Tobacco Farmers Turn To Past For New Future
Posted August 25, 2003
ALAMANCE COUNTY, N.C. — There is no question that North Carolina's tobacco tradition is changing. This year's tobacco crop is expected to be the smallest since 1874.
Some tobacco farmers are turning to the past for a new future.
Debbie Harrell and Gene Stikeleather have a new marriage and a new adventure on the horizon.
They have started Iron Gate Farms, taking an old tobacco field and growing a little bit of excitement.
"When cars and trucks drive by, it is like they come to a screeching halt and say: Is that grapes out there?'" Harrell said.
Harrell and Stikeleather have set up shop in a region known as the "tobacco sack," the heart of tobacco country in Alamance and Caswell counties.
"We just want to keep this piece right here in agriculture," Harrell said. "I've had to use every skill I've ever gained from a job to do this."
Harrell and Stikeleather are part of a small, but growing movement away from tobacco and into grapes. Twenty-five wineries call North Carolina home, and 20 more are on the way.
Iron Gate Farm will be on that list.
"There's just no room for the small tobacco farmers anymore," Stikeleather said. "So we started off with a few acres of grapes. It looked like something might grow here."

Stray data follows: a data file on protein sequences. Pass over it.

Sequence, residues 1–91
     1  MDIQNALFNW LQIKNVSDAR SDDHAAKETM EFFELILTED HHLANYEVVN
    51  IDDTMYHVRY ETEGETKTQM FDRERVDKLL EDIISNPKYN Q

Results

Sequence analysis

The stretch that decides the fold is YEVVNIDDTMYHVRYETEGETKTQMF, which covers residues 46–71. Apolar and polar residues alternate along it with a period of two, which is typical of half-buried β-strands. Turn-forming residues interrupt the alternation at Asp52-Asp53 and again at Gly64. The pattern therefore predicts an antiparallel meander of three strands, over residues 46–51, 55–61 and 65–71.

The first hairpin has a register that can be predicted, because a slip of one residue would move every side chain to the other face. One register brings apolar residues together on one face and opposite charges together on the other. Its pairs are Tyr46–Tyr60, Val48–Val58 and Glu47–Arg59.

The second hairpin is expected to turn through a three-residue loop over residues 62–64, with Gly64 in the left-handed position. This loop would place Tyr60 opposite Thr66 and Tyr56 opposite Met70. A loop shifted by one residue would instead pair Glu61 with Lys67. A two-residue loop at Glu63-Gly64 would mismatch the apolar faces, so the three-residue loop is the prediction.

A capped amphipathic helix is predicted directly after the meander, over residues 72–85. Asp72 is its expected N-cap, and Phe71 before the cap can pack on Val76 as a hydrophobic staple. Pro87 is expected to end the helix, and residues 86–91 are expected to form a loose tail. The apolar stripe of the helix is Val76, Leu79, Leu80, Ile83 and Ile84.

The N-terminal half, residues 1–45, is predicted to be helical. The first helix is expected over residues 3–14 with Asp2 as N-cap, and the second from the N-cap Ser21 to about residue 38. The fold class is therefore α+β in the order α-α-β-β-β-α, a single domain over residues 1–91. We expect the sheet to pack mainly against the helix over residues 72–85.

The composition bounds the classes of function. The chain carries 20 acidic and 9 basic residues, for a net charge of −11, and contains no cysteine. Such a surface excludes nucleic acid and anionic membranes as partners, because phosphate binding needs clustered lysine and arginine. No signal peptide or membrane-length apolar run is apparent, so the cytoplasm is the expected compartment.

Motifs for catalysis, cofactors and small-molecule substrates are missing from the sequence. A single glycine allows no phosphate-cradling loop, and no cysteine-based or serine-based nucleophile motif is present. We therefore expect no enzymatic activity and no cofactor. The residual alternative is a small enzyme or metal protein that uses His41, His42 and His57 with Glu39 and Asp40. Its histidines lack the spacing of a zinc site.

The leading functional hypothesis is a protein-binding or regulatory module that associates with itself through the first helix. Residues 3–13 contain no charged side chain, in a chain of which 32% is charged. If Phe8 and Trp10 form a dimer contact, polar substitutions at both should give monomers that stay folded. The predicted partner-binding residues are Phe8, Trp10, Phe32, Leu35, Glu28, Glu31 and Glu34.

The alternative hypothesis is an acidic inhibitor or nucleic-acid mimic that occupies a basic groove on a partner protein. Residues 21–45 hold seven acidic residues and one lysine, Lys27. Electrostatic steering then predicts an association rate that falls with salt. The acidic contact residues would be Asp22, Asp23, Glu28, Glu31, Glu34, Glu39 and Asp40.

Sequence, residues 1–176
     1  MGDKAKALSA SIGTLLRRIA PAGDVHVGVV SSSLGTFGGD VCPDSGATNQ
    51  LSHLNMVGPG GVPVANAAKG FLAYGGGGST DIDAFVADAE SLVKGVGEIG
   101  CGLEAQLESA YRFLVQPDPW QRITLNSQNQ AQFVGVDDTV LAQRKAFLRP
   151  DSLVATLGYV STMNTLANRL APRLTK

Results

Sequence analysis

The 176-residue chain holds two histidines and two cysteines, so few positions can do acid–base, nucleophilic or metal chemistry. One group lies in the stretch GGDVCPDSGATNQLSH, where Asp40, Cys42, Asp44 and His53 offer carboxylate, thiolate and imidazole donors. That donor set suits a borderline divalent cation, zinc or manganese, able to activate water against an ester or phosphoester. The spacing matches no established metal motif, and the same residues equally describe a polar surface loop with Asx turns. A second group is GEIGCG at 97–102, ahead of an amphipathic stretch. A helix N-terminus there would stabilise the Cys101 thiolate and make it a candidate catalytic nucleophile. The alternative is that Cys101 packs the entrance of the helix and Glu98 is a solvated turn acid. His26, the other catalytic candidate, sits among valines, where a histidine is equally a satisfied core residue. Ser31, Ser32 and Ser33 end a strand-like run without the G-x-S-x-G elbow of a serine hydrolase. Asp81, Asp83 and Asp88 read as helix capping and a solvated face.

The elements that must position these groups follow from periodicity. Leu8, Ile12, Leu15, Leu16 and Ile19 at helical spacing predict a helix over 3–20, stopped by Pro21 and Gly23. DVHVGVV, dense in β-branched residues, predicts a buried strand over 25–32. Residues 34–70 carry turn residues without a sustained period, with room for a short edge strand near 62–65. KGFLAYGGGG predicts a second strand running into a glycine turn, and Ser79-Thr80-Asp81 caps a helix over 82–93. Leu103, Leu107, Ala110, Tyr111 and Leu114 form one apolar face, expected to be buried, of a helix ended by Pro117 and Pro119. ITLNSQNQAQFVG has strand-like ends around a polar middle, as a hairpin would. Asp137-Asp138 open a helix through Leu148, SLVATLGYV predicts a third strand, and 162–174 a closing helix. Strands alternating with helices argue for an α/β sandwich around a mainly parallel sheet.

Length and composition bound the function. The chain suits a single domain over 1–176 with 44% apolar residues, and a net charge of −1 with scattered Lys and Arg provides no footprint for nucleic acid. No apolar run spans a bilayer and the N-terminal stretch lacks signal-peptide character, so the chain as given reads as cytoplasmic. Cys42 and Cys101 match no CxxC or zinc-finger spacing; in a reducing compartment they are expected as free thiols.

Stikeleather and Harrell said they grew up around farms and tobacco.
"You know, back then, I just wanted to get away from it," Harrell said. "Now I want to get back to that particular place."
Their lives have come full circle, like the tobacco industry itself.
A lot of people do not realize it, but before tobacco was ever grown on this land, this was grape-growing country. Grapes date back to 1524 in these parts, the first actively cultivated in the United States.
But just as Harrell and Stikeleather return to their roots, they remember the more recent heritage of this region. Tobacco is part of who they are and will be part of what they sell.
Their wine bottle labels depict tobacco country. Getting the wine in the bottles is what they are waiting on now.
That will take the full circle of the calendar year.
"I know we'll get there sooner or later," Harrell said.